"Stent's argument is richly developed, covering a wide swath of the U.S.-Russian bilateral policy agenda and buttressed by a great deal of historical detail, at least some of which will be new to most readers. The Limits of Partnership is clearly the product of assiduous research, and profits as well from Stent's personal experience in the politics of U.S. policymaking toward Russia."--Robert C. Nurick, Atlantic Council
"In her largely chronological account of U.S.-Russian relations since 1990, Ms. Stent gives a comprehensive overview of the obstacles that have prevented a closer relationship."---Yascha Mount, Wall Street Journal
"[L]ucid. . . . [R]eadable and sometimes surprising."--Kirkus Reviews
"[Stent's] compelling book provides perhaps the most comprehensive and sober--as well as sobering--assessment of relations across the past two decades."---Neil Buckley, Financial Times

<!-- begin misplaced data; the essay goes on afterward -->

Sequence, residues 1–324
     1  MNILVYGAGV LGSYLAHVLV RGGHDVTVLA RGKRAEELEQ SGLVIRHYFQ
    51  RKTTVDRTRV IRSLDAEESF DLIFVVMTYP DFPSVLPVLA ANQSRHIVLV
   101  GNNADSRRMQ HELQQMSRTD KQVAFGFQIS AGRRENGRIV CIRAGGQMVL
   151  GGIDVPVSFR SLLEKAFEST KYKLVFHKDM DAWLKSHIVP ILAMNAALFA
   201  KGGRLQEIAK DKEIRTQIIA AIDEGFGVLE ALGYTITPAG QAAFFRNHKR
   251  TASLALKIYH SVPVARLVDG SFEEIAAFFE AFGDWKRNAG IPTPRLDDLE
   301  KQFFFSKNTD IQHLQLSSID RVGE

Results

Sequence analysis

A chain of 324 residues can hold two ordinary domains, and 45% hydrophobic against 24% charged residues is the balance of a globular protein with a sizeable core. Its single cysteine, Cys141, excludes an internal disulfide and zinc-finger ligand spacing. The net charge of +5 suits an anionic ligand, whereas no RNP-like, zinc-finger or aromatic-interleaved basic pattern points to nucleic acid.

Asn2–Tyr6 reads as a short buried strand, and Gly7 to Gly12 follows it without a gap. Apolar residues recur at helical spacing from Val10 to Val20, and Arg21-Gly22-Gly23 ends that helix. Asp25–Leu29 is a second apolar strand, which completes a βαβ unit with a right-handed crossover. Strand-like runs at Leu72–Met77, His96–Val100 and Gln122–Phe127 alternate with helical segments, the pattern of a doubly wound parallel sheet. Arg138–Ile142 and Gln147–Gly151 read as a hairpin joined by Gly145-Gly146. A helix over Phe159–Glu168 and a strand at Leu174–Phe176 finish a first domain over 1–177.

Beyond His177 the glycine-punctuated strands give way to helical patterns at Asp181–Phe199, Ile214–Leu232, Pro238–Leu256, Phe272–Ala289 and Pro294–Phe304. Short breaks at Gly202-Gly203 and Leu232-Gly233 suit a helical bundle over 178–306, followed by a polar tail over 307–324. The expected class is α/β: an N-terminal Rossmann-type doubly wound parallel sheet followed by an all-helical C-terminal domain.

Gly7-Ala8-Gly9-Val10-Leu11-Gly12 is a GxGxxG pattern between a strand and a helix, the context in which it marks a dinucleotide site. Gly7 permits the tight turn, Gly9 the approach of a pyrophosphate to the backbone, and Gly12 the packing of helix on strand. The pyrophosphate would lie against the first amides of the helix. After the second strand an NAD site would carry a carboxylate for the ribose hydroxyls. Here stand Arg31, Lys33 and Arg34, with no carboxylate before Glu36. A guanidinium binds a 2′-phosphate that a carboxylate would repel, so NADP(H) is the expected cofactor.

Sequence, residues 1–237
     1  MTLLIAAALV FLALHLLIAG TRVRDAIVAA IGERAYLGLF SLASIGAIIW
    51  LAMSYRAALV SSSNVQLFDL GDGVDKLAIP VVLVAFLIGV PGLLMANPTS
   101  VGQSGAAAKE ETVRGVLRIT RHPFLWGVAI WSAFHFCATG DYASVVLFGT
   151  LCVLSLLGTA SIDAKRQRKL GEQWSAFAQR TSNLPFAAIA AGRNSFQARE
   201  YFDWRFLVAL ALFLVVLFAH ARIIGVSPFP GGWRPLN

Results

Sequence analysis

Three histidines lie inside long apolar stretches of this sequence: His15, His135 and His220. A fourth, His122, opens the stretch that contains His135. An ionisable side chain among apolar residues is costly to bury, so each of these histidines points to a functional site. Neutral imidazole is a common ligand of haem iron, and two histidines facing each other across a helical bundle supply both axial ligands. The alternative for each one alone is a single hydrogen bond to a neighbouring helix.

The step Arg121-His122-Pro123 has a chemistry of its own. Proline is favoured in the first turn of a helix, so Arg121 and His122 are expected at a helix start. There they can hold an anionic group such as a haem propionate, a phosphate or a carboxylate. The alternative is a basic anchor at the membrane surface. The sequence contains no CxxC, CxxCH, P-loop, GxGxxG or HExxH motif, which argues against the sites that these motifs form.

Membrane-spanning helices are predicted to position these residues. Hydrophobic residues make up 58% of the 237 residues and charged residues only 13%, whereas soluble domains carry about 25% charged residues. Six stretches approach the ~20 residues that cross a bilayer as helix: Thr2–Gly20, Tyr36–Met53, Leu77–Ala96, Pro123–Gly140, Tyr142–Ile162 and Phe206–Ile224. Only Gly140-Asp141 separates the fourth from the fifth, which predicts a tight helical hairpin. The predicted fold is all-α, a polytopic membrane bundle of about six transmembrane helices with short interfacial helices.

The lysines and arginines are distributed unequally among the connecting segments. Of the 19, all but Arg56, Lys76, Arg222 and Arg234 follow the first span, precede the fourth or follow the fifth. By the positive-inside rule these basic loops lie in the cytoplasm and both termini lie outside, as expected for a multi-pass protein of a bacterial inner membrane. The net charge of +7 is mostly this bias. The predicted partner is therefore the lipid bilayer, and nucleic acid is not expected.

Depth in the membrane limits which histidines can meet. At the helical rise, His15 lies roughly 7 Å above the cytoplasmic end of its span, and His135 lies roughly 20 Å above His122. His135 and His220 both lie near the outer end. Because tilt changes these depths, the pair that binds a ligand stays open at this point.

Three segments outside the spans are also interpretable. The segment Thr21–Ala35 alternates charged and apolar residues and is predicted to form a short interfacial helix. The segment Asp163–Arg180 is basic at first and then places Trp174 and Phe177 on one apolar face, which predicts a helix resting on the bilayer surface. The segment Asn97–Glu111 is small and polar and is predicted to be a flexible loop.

"Stent . . . expertly condenses the past two decades of this tumultuous relationship with an insider's command of detail."---Elizabeth Cobbs Hoffman, Times Higher Education
"In The Limits of Partnership, Stent . . . clearly and carefully lays out the contentious issues that have divided the United States and Russia since the end of the Cold War."---Glenn C. Altschuler, Huffington Post
"Until now, there have been no broad-based studies of the vexed contemporary U.S.-Russian relationship in English--or, for that matter, in Russian. This volume fills that void admirably."--Foreign Affairs
"Truly outstanding."---Mark Adomanis, Forbes.com
"[An] insightful and balanced assessment of two decades of post-Soviet interaction between Washington and Moscow. . . . Stent draws many useful lessons from the ups-and-downs in the U.S.-Russian relationship."---Paul J. Saunders, National Interest
"In her magisterial new book The Limits of Partnership, Angela Stent performs a great service by showing that the end of the Obama Reset is only one part of a much broader pattern that goes back to the end of the Soviet Union."---Donald N. Jensen, Institute of Modern Russia,